In 2007, ten years after its foundation, Netflix revealed a feature that would not only give them an edge over Blockbuster, but would also alter the future of movie and television watching: video streaming. However, rather then being hailed for the revolutionary idea of being able to watch movies instantly on any computer, Netflix faced widespread skepticism after their announcement. Many people simply did not believe that Netflix would be able to follow through on their claim, and a lot of critics saw the initial bugs in the feature (such as issues downloading required software and incompatibility with popular web browsers) as signs that the system would inevitably fail.
Despite Chief Executive Reed Hasting’s assurances that the company “will nail this,” the majority of critics remained extremely dubious. In his essay in Re-newing Old Technologies, Tom Gunning offers a partial explanation to their disbelief by pointing out the “uncanny” (2003) quality found in most new technologies, . Although Gunning limits the sense of uncannines to “technologies of communication… or of representation” (2003), the unfamiliarity and accessibility of streaming gave it an almost mystical quality. To many, the idea of watching free, instant movies on a personal computer was simply too good to be true. Even Freud recognized the “reemergence of earlier stages of magical thinking” (Gunning, 2003) in relation to unfamiliar, and thus uncanny, new technologies.
However, this fantastical mindset translated to doubt of the company’s service, leading many critics, such as Quentin Hardy from Forbes, to be especially critical of any bugs with the service. Hardy claimed the feature only “sort of” (2007) worked, and other negative reviews of the brand-new system led to the discourse around Netflix’s announcement to be similar to that of a fad technology or product. However, even though the streaming system was not perfect in the first try, the idea of streaming movies was too brilliant to ignore. Even Hardy allows, “In its ideal form, it is a very impressive product” (2007). Although the system initially had a few bugs to work out, Netflix’s streaming is apparently impressive enough to earn over 50 million subscribers.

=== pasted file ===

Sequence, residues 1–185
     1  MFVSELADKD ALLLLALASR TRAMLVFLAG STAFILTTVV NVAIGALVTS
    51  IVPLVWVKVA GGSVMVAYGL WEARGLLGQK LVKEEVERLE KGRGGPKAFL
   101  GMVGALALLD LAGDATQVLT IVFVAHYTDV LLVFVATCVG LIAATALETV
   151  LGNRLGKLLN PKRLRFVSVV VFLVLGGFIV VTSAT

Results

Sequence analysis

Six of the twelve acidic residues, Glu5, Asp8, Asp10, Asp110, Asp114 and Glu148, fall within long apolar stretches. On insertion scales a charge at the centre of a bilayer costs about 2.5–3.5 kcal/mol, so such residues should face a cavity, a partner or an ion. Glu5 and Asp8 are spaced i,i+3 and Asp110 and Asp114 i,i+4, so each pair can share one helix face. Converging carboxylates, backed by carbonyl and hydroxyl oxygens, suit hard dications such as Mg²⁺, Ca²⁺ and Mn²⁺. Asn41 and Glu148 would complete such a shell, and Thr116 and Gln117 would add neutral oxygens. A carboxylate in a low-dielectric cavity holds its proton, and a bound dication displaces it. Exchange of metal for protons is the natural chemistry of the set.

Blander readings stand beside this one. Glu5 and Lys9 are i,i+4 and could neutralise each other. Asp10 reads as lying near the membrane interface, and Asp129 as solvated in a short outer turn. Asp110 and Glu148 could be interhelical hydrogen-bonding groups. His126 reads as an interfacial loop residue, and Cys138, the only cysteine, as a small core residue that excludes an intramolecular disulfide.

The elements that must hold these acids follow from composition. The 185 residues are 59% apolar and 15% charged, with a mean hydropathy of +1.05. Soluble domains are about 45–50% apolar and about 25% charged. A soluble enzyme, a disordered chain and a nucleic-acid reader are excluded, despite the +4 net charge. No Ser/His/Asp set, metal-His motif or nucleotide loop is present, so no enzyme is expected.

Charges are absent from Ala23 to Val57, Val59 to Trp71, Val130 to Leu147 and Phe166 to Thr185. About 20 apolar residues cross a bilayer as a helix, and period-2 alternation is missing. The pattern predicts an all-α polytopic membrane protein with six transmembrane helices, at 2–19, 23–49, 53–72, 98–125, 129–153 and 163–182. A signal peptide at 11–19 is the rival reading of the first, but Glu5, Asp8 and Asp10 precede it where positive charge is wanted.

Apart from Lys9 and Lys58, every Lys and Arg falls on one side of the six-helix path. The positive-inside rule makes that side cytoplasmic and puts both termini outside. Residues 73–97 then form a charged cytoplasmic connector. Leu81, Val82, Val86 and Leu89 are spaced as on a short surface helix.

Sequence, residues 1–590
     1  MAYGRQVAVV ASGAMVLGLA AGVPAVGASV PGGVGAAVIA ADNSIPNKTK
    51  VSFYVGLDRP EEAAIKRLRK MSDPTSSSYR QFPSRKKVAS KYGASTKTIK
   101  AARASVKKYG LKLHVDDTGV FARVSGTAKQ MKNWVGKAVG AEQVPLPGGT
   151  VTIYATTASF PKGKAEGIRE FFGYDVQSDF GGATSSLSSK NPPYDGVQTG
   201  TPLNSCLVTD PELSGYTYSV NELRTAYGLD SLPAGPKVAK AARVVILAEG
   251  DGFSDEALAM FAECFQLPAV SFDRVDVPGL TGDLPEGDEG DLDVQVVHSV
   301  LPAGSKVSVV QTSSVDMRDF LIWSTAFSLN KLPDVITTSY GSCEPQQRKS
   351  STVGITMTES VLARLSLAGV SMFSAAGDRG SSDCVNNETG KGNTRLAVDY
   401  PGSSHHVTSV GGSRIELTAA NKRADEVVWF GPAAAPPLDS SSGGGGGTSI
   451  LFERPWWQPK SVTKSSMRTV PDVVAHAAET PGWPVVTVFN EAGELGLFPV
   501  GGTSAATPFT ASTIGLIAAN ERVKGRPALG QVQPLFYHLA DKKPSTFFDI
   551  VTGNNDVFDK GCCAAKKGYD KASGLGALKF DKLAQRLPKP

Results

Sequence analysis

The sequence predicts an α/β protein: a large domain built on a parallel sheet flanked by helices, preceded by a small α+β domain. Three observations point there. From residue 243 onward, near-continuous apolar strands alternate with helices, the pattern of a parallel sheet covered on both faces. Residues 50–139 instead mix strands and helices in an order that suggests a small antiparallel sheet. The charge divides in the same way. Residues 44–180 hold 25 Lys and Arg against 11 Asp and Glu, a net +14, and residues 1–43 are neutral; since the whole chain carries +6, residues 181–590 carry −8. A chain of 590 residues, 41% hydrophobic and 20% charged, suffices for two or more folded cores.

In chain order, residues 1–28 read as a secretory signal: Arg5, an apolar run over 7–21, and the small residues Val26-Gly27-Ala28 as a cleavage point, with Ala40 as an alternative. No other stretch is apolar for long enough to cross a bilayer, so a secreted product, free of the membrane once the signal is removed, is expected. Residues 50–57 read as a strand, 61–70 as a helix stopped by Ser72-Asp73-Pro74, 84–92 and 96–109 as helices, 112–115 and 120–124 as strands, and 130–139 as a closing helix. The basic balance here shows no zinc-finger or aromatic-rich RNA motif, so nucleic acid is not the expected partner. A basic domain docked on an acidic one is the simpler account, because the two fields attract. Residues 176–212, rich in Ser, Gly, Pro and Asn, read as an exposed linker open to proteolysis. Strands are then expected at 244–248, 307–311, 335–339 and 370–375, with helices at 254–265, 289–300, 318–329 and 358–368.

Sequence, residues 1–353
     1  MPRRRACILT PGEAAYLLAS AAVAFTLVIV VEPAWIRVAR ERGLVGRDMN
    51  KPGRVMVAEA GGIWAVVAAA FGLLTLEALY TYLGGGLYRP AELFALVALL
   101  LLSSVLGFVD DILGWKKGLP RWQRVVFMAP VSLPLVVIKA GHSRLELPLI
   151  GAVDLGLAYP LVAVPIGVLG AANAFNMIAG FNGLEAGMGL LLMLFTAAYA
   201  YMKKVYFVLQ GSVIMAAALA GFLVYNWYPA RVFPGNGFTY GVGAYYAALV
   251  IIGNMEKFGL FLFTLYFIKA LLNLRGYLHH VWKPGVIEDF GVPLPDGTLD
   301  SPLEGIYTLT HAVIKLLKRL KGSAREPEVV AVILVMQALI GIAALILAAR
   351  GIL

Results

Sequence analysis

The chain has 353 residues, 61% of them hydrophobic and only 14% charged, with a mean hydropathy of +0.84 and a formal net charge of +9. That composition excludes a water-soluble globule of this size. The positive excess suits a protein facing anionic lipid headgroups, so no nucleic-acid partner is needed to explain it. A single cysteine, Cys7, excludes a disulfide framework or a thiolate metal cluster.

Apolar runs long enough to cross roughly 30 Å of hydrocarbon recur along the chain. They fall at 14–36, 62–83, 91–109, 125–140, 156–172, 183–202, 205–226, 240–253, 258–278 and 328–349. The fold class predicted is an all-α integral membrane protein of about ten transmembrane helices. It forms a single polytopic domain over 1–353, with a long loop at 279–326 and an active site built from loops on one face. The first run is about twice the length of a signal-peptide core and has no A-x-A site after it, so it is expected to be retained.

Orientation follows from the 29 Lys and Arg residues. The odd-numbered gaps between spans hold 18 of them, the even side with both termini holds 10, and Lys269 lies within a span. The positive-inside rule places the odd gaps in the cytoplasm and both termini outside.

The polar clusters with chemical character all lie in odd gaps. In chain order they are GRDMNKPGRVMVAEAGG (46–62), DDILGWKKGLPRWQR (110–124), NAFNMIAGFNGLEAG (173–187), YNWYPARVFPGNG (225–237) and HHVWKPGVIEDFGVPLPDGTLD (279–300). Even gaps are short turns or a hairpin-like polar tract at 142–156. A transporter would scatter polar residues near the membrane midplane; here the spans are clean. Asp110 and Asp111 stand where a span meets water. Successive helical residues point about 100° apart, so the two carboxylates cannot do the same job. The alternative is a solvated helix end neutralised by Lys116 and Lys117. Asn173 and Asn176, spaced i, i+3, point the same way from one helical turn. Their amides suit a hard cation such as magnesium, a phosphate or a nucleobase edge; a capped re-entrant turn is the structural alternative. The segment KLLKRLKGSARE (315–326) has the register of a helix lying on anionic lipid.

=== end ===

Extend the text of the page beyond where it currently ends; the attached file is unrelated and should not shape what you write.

Hardy, Q. (2007, January 16). Netflix To Stream Live Movies For Free. Retrieved January 25, 2015, from http://www.forbes.com/2007/01/15/netflix-free-video-streaming-tech-media-cz_qh_0116netflix.html
Thorburn, D., & Gunning, T. (2003). Astonishment, Second Nature, and the Uncanny in Technology from the Previous Turn-of-the-Century. In Rethinking media change the aesthetics of transition. Cambridge, Mass.: MIT Press.